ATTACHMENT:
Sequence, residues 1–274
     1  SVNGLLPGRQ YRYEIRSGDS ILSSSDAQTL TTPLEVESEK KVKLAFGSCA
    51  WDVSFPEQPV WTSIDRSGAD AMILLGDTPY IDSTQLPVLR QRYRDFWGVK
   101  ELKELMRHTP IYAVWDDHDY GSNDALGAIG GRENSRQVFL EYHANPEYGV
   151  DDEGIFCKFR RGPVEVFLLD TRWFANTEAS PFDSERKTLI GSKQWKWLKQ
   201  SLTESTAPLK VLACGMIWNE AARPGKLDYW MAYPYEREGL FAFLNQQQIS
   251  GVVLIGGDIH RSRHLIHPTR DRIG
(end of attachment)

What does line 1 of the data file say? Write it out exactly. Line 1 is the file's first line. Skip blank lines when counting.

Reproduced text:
Sequence, residues 1–274